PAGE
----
By Dr. Heather Mark
The healthcare industry is, as most know, a heavily regulated industry. Government regulations detail how data is to be collected, shared, and protected. It details how patients can access their data. The way that research is conducted, how it is reported and a multitude of other factors. Layering in the protection of payment card data can seem overwhelming. Particularly given the size and complexity of health care networks – physicians’ offices, laboratories, hospitals, and clinics. Fold in a sprinkling of online bill pay, as well, and one can see how the prospect of complying with the PCI DSS, as well as other regulatory mandates, can be overwhelming. But PCI DSS compliance can be made more manageable by employing scope reduction strategies.
First things first, though. What is scope reduction? To understand this, one must understand what is defined as the Cardholder Data Environment, or CDE. The CDE is defined by the Payment Card Industry Security Standards Council (PCI SSC) as the “people, processes, and technologies that store, process, or transmit cardholder data or sensitive authentication data. ‘System Components’ include network devices, servers, computing devices, and applications… [and] any other component or device located within or connected to the CDE.” So, the scope of the CDE is any device or person that has access to cardholder data and any device connected to that component. For many organizations, in healthcare and beyond, that scope can seem fairly daunting. The objective of scope reduction is to minimize the number of components that come into contact with the cardholder data. By reducing the number of components that contact cardholder data, an organization can reduce its scope. This serves the purpose of reducing the complexity of the CDE, the cost and complexity of the PCI DSS assessment, and the work factor involved in maintaining compliance.
So, how can an organization reduce their scope? The first step is to know where and how payments are accepted. Questions that can help in that process include:
- Where does your health system physically accept electronic payments?
- Front Desk
- Call Center
- Emergency Room
- Gift Shop
- How do you accept payments in these locations?
- In Person
- EHR Software
- Does your EHR system offer a secure payment integration?
- Does your payment integration support?
- Validated Point to Point Encryption
- Hosted Payment Page for secure online transactions
- Secure recurring billing and installment payments
It is also important to determine whether or not you have appropriately segmented your CDE to prevent bringing your entire organization into scope. In other words, if your payment environment is connected to your corporate environment, without firewalls, routers or other appropriate measures in place to act as a DMZ, you could end up having to manage PCI compliance for every part of your network. Per the PCI DSS, “Without adequate network segmentation (sometimes called a “flat network”) the entire network is in scope of the PCI DSS assessment. Network segmentation can be achieved through a number of physical or logical means, such as properly configured internal network firewalls, routers with strong access control lists, or other technologies that restrict access to a particular segment of a network. To be considered out of scope for PCI DSS, a system component must be properly isolated (segmented) from the CDE, such that even if the out-of-scope system component was compromised it could not impact the security of the CDE.”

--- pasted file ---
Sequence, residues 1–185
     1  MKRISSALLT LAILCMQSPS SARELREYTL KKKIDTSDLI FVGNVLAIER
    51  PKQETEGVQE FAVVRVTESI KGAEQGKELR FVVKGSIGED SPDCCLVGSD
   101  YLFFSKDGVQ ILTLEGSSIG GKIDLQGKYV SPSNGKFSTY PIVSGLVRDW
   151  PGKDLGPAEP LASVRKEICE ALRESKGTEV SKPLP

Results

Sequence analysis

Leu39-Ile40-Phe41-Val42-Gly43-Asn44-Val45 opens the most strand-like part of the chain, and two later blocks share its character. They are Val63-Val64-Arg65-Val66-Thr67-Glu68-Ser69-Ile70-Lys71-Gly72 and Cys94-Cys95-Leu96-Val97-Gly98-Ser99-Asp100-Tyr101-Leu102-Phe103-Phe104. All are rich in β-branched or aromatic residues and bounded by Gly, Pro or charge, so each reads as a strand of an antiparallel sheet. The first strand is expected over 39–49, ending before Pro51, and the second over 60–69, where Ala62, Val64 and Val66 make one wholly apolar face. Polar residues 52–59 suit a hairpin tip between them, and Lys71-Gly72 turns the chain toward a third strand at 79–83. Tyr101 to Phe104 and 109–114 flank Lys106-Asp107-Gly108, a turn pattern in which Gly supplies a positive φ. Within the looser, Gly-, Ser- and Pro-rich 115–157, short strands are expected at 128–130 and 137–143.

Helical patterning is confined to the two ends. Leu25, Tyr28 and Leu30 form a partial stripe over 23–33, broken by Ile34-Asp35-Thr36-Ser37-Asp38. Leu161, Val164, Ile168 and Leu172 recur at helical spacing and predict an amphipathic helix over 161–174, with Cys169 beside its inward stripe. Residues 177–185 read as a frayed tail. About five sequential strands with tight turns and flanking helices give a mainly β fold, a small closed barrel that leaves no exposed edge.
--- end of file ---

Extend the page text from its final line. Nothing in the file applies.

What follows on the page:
Another strategy that can be employed to reduce the scope of the CDE is to reduce the number of cardholder data touchpoints in the environment. The more the input of cardholder data can be reduced, the greater the level of scope reduction. Any number of solutions can be employed, but here is a brief description of the most effective means* of reducing interaction with cardholder data:
- Hosted Payment Pages – merchants can accept payments through the use of a hosted payment page. The Payment Page is hosted by a PCI DSS validated, registered service provider. The payment information posts directly from the consumer to the service provider, bypassing the environment of the healthcare provider.
- Tokenization – in this solution, the payment information is replaced with a randomly generated value that used to represent the payment mechanism. The healthcare provider can still use that token to process subsequent payments, as may be useful for patients on payment plans, reporting purposes, patient payment analysis, and chargeback or dispute purposes. The benefit here is the reduced payment data footprint within the organization.
- PCI Validated Point to Point Encryption (P2PE) – a P2PE solution is one in which the cardholder data is encrypted from the point of interaction (swipe, dip, entry) all the way through the processor. The payment is processed, but when the authorization response is sent to the healthcare organization, the payment data is replaced with a token.
As technology continues to evolve and healthcare organizations find new ways to connect with and serve their patients and communities, it is important to remain mindful of the potential risks that those new technologies may present. By implementing the above solutions, healthcare providers may find a strong balance between patient service and data security.
*The amount of scope reduction benefit for each of these solutions can vary depending upon the specific environment and the way in which they are implemented. It is highly suggested that all organizations consult with their Qualified Security Assessor (QSA) and/or their Acquiring Bank to determine the exact nature of the benefit afforded by these solutions.